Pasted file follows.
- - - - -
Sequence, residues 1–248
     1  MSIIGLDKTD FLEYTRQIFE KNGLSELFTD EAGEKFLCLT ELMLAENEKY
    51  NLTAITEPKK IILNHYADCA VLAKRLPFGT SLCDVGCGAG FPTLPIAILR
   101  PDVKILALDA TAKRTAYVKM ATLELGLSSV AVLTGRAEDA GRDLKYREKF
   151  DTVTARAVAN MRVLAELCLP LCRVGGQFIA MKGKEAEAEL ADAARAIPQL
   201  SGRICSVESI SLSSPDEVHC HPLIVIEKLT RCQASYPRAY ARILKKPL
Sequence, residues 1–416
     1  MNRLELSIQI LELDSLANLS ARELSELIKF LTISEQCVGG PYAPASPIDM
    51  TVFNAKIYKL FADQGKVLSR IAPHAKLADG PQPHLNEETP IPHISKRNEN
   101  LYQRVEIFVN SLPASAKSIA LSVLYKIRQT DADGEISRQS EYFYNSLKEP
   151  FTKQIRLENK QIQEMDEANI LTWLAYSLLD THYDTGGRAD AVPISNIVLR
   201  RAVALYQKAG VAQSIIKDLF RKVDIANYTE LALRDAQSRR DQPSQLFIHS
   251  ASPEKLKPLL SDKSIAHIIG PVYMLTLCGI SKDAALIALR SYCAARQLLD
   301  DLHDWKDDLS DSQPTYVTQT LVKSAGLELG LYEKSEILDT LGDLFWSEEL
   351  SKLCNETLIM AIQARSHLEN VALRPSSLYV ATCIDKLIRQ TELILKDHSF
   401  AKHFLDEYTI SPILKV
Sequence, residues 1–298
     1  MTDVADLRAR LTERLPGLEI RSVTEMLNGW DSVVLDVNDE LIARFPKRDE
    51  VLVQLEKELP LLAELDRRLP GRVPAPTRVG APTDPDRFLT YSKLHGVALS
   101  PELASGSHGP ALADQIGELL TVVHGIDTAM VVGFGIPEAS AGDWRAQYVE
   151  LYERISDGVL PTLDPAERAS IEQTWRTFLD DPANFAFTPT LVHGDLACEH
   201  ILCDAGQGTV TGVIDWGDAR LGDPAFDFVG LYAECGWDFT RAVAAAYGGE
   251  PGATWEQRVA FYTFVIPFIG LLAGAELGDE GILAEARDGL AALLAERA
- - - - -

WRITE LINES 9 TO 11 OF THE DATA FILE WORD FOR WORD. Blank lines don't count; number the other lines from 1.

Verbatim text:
    51  TVFNAKIYKL FADQGKVLSR IAPHAKLADG PQPHLNEETP IPHISKRNEN
   101  LYQRVEIFVN SLPASAKSIA LSVLYKIRQT DADGEISRQS EYFYNSLKEP
   151  FTKQIRLENK QIQEMDEANI LTWLAYSLLD THYDTGGRAD AVPISNIVLR